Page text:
|Neutral ||Magpye ||On Oct 6, 2006, Magpye from NW Qtr, AR
(Zone 6a) wrote:
Battus philenor is found in the southern half of the United States (occasionally further north), and ranges south to southern Mexico
Battus philenor is found mostly in warm climates through out North America. The species favors open woodlands, meadows, and anywhere else an abundance of pipevine grow, including backyard gardens and nurseries
Wing span: 2 3/4 - 5 inches (7-13 cm)
The eggs of a pipevine swallowtail are red-orange and circular. As larvae (caterpillars) .. pipevine swallowtails are black, with red projections and spots running down their backs. When sunlight is hits the caterpillar it takes on a deep red color. The chrysalids of pipevine swallowtails have been recorded in two different colors, apparently depending on where the larva decides to cocoon. The chrysalis has its own shape distinct from other butterflies. The posterior end is segmented and has an inward curve; the ventral thorax of the chrysalis is raised, and the head has a pair of horns at the anterior dorsal portion.
The fore-wing of adults is coal-black above and gray below. The dorsal hind-wing is where the males and females are noticeably different. Males have smaller cream or pale spots than females, and the spots run along the fringe of the wings. Males are also a brighter metallic blue than their female counterparts, in the dorsal hind wing region. The bottom half of the ventral hind wing of males and females is metallic blue; a single row of seven orange spots and small pale, cream dots are found at the edge of the wing within the metallic blue section.
Pipevine swallowtail males spend most of their time looking to breed with females. Once a male has located a female, he will quickly land and attemp to mate. Females lay clusters of eggs on or under leaves of pipevines and mostly exposed in the sun. Larva (caterpillars) hatch from the eggs and begin feeding on the host plant. Once they have eaten enough, and matured enough, the larva will metamorphose into a pupa, or chrysalis. It spends the winter as a chrysalis (or in warm regions, just a few weeks), and emerges as an adult in the spring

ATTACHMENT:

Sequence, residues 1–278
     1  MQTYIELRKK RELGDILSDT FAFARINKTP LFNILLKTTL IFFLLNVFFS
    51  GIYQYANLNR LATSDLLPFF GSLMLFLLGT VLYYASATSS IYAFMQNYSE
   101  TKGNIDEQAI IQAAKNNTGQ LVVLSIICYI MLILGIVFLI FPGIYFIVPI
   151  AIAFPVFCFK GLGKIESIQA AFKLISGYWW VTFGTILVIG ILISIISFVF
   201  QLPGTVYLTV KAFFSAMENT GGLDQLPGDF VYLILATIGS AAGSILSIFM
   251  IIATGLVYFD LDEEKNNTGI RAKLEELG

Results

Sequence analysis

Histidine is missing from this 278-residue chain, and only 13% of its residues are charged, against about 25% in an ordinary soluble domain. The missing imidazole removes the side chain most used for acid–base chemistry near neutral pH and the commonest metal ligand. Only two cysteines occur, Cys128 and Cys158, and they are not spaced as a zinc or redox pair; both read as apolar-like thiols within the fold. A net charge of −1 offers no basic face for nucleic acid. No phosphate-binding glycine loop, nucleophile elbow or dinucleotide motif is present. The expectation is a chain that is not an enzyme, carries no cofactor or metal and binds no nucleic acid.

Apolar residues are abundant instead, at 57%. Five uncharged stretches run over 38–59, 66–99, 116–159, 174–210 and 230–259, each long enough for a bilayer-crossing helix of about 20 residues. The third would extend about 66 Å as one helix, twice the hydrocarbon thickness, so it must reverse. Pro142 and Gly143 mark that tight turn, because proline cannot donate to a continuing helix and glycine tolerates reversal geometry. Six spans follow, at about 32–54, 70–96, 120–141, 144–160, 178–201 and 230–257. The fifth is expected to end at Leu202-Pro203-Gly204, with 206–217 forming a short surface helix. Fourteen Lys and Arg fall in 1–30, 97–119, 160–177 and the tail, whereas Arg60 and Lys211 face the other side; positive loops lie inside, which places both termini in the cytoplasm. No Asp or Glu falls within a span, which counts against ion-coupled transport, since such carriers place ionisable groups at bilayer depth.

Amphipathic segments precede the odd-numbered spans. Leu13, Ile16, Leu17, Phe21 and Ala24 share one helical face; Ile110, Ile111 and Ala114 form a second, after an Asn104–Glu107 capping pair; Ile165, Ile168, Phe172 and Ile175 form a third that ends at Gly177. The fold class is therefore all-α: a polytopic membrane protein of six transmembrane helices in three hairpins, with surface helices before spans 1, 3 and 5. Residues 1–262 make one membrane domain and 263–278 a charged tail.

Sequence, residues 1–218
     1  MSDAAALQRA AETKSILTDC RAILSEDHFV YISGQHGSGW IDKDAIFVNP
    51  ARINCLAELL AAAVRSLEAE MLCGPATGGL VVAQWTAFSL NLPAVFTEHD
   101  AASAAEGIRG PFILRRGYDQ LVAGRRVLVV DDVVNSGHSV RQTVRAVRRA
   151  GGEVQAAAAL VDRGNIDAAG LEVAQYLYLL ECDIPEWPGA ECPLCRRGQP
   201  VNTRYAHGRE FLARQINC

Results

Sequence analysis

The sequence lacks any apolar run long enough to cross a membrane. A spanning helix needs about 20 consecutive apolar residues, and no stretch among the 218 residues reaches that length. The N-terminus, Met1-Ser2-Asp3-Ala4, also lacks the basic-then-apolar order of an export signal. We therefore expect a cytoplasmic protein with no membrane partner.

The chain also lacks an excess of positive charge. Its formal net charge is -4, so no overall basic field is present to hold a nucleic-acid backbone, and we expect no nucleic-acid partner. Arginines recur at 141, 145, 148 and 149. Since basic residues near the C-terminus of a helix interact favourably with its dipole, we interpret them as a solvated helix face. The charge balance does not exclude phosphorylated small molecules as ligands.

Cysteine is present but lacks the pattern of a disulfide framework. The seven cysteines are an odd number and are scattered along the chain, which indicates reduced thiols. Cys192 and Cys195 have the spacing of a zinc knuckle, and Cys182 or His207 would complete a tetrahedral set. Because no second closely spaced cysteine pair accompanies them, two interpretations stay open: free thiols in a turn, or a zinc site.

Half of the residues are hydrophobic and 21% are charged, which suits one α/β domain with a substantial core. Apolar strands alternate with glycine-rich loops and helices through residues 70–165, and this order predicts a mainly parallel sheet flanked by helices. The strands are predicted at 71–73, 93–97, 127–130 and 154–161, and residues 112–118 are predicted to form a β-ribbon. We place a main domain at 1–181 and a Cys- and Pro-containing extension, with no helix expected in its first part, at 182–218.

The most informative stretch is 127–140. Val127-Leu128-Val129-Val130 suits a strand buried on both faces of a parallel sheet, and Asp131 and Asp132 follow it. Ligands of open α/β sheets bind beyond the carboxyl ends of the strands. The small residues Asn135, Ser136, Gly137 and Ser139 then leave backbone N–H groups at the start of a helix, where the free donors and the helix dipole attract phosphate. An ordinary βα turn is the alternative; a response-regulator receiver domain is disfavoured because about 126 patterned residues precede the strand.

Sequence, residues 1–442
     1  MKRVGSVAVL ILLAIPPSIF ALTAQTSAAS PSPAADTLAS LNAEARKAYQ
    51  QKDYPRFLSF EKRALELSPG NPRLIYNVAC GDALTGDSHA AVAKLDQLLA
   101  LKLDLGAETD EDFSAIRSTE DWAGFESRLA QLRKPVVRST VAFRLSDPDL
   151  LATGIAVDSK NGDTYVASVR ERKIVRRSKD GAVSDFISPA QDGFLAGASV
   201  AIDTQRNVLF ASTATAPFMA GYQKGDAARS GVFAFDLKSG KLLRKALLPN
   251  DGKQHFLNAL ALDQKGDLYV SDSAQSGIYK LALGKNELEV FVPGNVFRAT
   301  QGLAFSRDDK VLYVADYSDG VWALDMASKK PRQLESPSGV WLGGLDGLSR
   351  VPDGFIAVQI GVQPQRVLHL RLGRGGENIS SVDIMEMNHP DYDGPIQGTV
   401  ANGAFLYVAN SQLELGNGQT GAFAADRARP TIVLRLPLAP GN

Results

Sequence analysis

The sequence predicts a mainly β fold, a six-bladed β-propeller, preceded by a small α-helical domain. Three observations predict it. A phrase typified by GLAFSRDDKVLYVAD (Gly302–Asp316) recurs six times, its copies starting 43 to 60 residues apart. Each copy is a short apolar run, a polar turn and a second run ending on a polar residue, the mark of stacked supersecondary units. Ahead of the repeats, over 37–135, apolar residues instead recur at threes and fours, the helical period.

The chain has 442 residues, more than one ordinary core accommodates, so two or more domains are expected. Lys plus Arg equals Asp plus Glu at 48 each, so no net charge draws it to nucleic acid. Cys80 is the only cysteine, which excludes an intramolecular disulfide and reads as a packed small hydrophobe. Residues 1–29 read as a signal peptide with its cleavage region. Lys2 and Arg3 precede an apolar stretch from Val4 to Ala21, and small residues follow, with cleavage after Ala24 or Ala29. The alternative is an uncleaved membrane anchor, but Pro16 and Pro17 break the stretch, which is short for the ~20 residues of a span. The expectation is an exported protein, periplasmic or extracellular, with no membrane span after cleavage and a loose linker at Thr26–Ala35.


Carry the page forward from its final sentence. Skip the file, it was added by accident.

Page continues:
The pipevine swallowtail feeds on pipevines (Aristolochia) as larvae. Pipvines are toxic to other animals, but not Battus philenor. The caterpillars and later stages retain the toxins from the plant and use them to discourage predators. Many other buttterflies mimic Battus philenor as a form of defense, because B. philenor has a bad taste and releases a toxic chemical
As larvae .. pipevine swallowtails, feed only on plants in the genus Aristolochia (known as pipevines).
As a butterfly, Battus philenor feeds soley on nectar from flowers, including thistles (Cirsium), bergamot, lilac, viper's bugloss, common azaleas, phlox, teasel, dame's rocket, lantana, petunias, verbenas, lupines, yellow start thistle, California buckeye, yerba santa, brodiaceas, and gilias
Pipevine swallowtails are, for now, secure globally.
In Michigan, where they reach the northern limit of their range, they are listed as a species of special concern.
Pipevine swallowtails can quickly learn to associate certain flower colors with nectar supplies. They may be as intelligent as honeybees in this regard (Milius 1998).
|Positive ||Buttoneer ||On Jul 3, 2012, Buttoneer from Carlisle, PA
(Zone 6b) wrote:
This is a positive general informational note.:
The caterpillars will reveal two yellow horns near it's head, if disturbed. If a bird picks up the caterpillar, the taste emanating from these horns is distasteful to the bird and is a protection to the caterpillar. This caterpillar is feeding on my Pipevines: Aristolochia durior and Aristolochia baetica.
The butterflies are laying eggs on the host plants, so I assume these caterpillars pupated over the winter, came out in the spring & have grown large enough to pupate while the butterflies are laying their eggs.